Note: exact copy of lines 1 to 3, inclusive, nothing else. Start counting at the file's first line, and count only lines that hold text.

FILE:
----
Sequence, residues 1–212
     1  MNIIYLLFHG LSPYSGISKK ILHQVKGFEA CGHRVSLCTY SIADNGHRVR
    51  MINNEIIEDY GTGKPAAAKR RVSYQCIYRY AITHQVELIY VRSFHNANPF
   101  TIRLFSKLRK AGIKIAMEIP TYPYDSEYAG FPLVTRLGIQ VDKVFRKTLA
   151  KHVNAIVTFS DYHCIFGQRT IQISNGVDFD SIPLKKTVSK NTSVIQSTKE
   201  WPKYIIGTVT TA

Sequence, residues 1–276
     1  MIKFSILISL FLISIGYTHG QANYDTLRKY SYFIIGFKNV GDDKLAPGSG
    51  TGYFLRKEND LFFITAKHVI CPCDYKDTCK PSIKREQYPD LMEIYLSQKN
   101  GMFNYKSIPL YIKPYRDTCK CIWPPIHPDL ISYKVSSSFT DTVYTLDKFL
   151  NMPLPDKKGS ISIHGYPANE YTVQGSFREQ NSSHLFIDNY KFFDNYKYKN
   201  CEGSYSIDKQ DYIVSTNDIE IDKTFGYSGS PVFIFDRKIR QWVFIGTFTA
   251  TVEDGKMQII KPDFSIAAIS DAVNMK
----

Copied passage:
Sequence, residues 1–212
     1  MNIIYLLFHG LSPYSGISKK ILHQVKGFEA CGHRVSLCTY SIADNGHRVR
    51  MINNEIIEDY GTGKPAAAKR RVSYQCIYRY AITHQVELIY VRSFHNANPF